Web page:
invasive genetic sampling and microsatellite markers formulti-locus genotyping have been used in studying ecol-ogy, biology and conservation genetics (Anderson et al.2004; Mondol et al. 2009a, 2009b; Miotto et al. 2007,2011; Charruau et al. 2011; Castilho et al. 2012; Reddyet al. 2012; Sharma et al. 2013), behavioral genetics(Langergraber and Vigilant 2011; Lyke et al. 2013) andsocio-biology (Langergraber et al. 2013).Though, microsatellites have widely been used in un-

    derstanding genetics but a major constraint in the use ofthese loci is the need to isolate and characterize themusing cloning and sequencing techniques. One of theways of circumventing this step is to screen the varia-tions in microsatellites developed for other related spe-cies in order to find useful loci (Moore et al. 1991;FitzSimmons et al. 1995; Shepherd et al. 2002; Mantellattoet al. 2010). Therefore, numerous attempts have beenmade to use heterologous primers to support the conser-vation genetics of felids, viz. the jaguar (Panthera onca)(Ruiz-Garcia et al. 2006), snow leopard (Panthera uncia)(Waits et al. 2007), clouded leopard (Neofelis nebulosa)(Wilting et al. 2007), Siberian tiger (P. t. altaica) (Alasaadet al. 2011), cheetah (Acinonyx jubatus) (Charruau et al.2011), jaguarandi (Puma yagouaroundi) (Holbrook et al.2013), Indian leopard (Panthera pardus fusca). (Mondolet al. 2009a; Dutta et al. 2012, 2013) and Bengal tiger(Bhagavatula and Singh 2006; Mondol et al. 2009b; Reddyet al. 2012; Sharma et al. 2013). However it is also usefulto have large data available through screening of microsat-ellite loci across species. This will provide an alternate op-tion in selecting loci for a particular genetic study andmay also lead to complement data or report if there areany discrepancies.Most of the studies undertaken so far on the Bengal

    tiger (Bhagavatula and Singh 2006; Mondol et al. 2009b;Reddy et al. 2012; Sharma et al. 2013) fail to provide de-tailed information on locus-specific genetic characteristics

    (polymorphic information content [PIC] and probabilityof identity [PID]) and genotyping profile characteristics(stutter, allele to peak height etc.). Besides, information ofthese studies have been from fecal DNA, except for a fewloci, which have been studied using high-quality DNA(Bhagavatula and Singh 2006; Mondol et al. 2009b). Thus,selection of the best loci for use in population geneticsand forensic studies and minimizing genotyping errors hashitherto been precluded.Therefore, there is a strong need to describe locus-

    specific genotyping profile characteristics using DNAfrom a high-quality source, which has been suggested inthe literature to minimize genotyping errors related toallele calling (Matsumoto et al. 2004). This has also beenindicated in the guidelines of the ISFG (Gill et al. 2006,2012). Thus, we describe for the first time the screeningand genotyping profile characteristics of 39 microsatel-lite markers developed for the Sumatran tiger (Pantheratigris sumatrae), domestic cat (Felis catus), Asiatic lion(Panthera leo persica) and snow leopard using DNAfrom a high-quality source. Of these, 21 loci are beingreported for the first time in the literature for the Bengaltiger. Based on our findings, we suggest a combinationof highly polymorphic dinucleotide and tetranucleotiderepeat loci along with their genotyping profile character-istics for use in population genetic, forensic and non-invasive genetic sampling studies involving the Bengaltiger that will minimize allele calling errors by usinglocus-specific profile characteristics. Thus, the presentstudy will provide better options in the selection and useof loci in population genetic and forensic studies carriedout on Bengal tigers.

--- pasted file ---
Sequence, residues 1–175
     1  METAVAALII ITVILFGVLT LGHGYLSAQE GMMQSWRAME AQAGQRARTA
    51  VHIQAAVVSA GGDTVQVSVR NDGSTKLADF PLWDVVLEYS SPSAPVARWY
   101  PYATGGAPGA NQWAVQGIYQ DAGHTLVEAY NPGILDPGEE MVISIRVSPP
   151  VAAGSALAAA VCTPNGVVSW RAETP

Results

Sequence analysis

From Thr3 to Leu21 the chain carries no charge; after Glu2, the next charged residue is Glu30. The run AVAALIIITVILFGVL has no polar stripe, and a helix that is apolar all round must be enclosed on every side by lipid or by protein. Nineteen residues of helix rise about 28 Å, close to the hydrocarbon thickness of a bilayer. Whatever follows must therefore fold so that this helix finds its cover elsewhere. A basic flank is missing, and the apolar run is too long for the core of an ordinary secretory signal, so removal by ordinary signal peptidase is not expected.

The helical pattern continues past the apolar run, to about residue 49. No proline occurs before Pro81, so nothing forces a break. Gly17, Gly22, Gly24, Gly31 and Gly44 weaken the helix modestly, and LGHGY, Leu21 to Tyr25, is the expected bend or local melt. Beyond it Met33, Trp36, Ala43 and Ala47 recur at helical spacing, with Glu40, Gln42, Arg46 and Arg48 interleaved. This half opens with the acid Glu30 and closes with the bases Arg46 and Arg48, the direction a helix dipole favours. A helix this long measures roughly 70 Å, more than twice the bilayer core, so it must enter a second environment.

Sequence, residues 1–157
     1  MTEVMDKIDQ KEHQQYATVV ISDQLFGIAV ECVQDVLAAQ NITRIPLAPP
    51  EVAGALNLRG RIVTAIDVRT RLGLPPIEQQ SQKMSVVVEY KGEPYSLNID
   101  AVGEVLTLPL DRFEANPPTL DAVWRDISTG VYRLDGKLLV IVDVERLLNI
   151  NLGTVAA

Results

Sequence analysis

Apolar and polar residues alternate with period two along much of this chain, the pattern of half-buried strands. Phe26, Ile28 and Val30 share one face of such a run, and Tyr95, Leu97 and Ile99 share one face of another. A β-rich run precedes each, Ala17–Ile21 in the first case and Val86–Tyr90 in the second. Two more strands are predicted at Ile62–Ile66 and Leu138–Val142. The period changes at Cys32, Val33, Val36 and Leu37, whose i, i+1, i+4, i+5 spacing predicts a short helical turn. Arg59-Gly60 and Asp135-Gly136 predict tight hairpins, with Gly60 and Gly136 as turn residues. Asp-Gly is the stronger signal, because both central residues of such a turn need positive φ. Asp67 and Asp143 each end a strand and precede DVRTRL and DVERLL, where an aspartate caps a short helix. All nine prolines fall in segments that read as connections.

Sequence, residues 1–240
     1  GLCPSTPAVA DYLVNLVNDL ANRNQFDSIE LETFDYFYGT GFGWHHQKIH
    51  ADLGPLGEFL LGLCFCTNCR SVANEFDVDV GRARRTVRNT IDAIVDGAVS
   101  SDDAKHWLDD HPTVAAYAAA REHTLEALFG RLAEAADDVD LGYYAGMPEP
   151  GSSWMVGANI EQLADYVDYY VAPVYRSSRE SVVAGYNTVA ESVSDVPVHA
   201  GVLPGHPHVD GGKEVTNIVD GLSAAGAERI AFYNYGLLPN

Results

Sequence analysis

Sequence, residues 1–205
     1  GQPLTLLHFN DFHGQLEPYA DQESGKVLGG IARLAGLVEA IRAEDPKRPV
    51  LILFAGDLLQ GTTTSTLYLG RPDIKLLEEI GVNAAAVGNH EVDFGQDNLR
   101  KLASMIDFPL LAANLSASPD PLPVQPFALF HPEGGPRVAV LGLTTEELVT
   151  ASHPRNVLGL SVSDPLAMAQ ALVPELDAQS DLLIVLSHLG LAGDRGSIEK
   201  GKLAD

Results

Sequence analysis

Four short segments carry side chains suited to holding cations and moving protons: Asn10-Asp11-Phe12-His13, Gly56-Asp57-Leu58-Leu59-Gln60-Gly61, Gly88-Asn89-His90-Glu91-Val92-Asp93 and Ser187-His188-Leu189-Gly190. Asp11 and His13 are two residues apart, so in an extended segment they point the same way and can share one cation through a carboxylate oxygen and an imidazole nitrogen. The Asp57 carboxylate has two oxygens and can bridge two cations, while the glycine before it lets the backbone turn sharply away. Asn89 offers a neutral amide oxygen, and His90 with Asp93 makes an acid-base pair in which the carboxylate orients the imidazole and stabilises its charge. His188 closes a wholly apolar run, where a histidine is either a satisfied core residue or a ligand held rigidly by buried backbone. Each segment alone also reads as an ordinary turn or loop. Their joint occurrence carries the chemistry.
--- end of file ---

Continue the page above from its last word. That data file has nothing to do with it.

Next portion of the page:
Results and discussionBengal tiger DNA samples (n = 8) were amplified suc-cessfully for all 39 heterologous loci, and data analysisusing MICROCHECKER 2.2.3 (Van Oosterhout et al.2004) and GIMLET (Valiere 2002) clearly indicated theabsence of null alleles, allele dropout, false alleles andscoring errors, associated with peak stuttering in geno-typing data. The mean value of the relatedness coeffi-cient (R = 0.143) also indicate that the selected tigerswere not closely related to each other, as could be ex-pected in captive individuals.Three tetranucleotide repeat loci (Fca453, Fca731 and

    Fca749) and two dinucleotide repeat loci (6HDZ007 andPle55) were found to be monomorphic in the Bengaltiger and were excluded from further analyses. In poly-morphic loci (n = 34), the observed allele size rangedfrom 78 to 315 bp (Table 1), whereas the number of al-leles (Na) per locus ranged from 2 to 7 (average 3.323).The effective number of alleles (Ne) per locus rangedfrom 1.438 to 4.923 (average 2.418). The average ob-served (HO) and expected heterozygosities (HE) for

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  • Table 1 Observed size range, genetic diversity statistics and genotyping profile characteristics for 39 microsatellite loci tested on 8 captive Bengal tigers

    Locus ID Chr. Asn. Sizerange (bp)

    N Na Ne Ho HE PIC FIS PID(locus)

    PID Sibs(locus)

    Main allelepeak (height)